Yamaha has always suffered from Honda’s CBR 1000RR influence and as a 2009 model year, this ads “ABS” to its designation. Being radically revised for 2008, next year’s CBR wasn’t modified for high speed down the straight line, but for fast cornering. Engineers did that by adding a C-ABS braking system which results in instant improved lap times and more rider confidence.
After seeing the long list of modifications and additions on the 2009 Yamaha R1, we tend to believe that history does repeat itself as the FZR1000 was always more of a speed machine, while Tadao Baba’s Fireblade was a tactical winner with fewer horses.
Suzuki and Kawasaki continue to successfully sell the GSX-R1000 and ZX-10R as 2008 model years, but we’re still waiting for them to present their 2009 lineups and become even stronger contenders in the liter class.
2009 Yamaha YZF-R1
Yamaha marks the big 2009 revision by totally redesigning the bike into a slightly less aggressive, still sharp, but more mysterious looking product. Why is that? Well, Honda decided to go for the smooth design in 2009 (what, did you think that the R1 is the only one that is restyled?) and Yamaha was also well ahead with the drawing board to do any changes, and the bike looked really good, so here it is.
The 2009 R1 sleek appearance given by the side fairing is slightly counteracted by the projector-type bulbs featuring round lenses and being mounted as close to the bike’s nose as possible. This makes room for the repositioned ram air ducts and also leaves the front end looking damn…interesting.
On the sides, the fairing is smooth and provides impeccable air flow. Earlier Yamaha R1 models would have featured a sharper design, but this simple one proved more effective after all.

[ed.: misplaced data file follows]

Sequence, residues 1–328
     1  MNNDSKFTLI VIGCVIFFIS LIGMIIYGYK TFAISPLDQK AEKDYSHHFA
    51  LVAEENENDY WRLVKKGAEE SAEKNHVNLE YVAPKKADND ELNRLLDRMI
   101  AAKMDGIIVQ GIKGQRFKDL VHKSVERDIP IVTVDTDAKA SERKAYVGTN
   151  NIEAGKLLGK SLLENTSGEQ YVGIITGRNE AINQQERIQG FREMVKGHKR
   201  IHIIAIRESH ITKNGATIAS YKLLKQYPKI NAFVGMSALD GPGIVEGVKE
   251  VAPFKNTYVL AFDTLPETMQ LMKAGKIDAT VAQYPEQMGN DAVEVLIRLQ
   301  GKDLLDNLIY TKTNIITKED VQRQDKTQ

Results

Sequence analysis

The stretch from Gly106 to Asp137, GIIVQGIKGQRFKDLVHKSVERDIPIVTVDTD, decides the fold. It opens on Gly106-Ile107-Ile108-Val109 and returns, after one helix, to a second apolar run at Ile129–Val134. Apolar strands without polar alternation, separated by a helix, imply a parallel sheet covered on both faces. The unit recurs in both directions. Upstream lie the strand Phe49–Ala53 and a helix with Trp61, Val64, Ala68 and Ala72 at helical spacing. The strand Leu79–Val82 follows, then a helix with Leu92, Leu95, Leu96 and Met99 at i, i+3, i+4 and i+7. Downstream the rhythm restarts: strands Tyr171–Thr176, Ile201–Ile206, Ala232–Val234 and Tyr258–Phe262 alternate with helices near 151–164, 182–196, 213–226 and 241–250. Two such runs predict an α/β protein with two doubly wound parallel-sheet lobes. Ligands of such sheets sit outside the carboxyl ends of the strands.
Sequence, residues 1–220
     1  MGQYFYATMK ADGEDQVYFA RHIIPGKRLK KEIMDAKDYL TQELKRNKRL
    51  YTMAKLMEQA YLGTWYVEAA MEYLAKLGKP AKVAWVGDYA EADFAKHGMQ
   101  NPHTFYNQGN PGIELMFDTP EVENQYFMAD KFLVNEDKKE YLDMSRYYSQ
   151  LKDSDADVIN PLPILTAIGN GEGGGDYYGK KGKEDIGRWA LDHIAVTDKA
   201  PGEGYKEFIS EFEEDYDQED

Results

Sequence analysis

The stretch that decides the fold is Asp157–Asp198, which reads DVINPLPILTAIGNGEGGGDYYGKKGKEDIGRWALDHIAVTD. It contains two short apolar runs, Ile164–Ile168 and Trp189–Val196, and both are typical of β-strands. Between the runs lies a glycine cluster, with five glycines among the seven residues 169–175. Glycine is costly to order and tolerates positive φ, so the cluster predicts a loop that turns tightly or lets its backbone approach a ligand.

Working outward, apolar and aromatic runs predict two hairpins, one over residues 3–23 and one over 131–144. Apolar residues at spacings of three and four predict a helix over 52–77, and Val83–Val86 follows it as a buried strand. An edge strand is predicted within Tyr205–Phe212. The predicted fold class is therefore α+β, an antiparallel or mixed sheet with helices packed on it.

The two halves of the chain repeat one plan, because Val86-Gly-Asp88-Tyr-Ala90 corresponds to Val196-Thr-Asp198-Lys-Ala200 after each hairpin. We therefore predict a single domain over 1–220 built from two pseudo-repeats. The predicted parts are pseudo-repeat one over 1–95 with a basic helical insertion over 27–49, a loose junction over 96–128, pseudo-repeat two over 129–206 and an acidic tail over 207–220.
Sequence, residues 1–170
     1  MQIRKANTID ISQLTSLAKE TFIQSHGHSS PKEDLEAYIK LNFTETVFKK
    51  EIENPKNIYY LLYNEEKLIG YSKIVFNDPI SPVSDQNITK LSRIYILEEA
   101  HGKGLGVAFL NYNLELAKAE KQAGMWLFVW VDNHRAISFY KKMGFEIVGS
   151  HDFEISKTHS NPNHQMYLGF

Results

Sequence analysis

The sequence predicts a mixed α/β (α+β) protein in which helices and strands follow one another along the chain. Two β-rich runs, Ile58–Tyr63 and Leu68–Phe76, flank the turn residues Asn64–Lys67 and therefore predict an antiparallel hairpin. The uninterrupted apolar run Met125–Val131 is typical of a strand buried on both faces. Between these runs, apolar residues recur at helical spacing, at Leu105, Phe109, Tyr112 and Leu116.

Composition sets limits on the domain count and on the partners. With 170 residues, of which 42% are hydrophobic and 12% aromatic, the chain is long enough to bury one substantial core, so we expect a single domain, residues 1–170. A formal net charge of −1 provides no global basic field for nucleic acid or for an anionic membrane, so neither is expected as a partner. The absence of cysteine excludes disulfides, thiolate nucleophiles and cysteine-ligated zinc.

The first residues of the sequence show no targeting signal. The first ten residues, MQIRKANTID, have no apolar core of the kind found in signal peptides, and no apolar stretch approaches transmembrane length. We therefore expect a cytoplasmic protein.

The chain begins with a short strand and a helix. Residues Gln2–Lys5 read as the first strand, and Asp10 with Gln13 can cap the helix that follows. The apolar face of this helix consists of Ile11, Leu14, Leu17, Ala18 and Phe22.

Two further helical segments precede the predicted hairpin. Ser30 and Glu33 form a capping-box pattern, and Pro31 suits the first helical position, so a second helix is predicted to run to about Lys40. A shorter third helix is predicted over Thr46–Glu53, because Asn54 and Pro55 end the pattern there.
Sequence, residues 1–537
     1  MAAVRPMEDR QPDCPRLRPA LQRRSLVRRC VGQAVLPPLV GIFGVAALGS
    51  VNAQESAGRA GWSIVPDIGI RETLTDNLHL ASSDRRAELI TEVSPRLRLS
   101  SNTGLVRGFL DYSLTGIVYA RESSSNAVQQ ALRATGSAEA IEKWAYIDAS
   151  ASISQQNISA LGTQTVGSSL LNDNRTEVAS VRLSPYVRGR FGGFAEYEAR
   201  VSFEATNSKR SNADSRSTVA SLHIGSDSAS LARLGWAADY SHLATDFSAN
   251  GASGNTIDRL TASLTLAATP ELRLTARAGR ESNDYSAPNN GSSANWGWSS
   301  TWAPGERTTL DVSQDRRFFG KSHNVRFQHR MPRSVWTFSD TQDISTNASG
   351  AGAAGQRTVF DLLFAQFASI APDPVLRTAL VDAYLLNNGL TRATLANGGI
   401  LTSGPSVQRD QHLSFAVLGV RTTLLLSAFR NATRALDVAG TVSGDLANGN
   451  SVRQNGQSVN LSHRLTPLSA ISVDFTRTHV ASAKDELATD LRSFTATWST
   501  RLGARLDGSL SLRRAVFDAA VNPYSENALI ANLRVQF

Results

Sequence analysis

2009 Yamaha YZF-R1
Also interesting on the 2009 R1 is the shape of the gas tank, which is developed using 3-D simulation analysis technology and the production process is called press-forming. The tank has also a practical role as its elongated shape allows it to be positioned well within the frame and contribute to a lower and more concentrated center of gravity.
Ten years from now, when we’ll be completing the history of Yamaha’s top supersport motorcycle, we surely won’t forget to mention the wicked looking colors of the 2009 model year: Raven/Candy Red, Pearl White/Rapid Red (the colors of the first R1), Cadmium Yellow and Team Yamaha Blue/White.
What we won’t mention is that they had a fair influence on the MSRP. Painted in the first three color schemes, the suggested retail price is no more or less than $12,490, while the now insipid Yamaha Blue and White is 100 bucks cheaper.
Available from January 2009, the new Yamaha R1 is practically a racing bike with headlights and mirrors. It is the result of Yamaha people’s wise way of interpreting the information from past years and knowing what to do to make it even better. Of course, the Yamaha M1 MotoGP bike was the source of inspiration, but what is even greater is that while bikers start riding such highly-evolved motorcycles on the streets, ways are being found to take them further. It will never stop and the best thing is that nobody wants it to.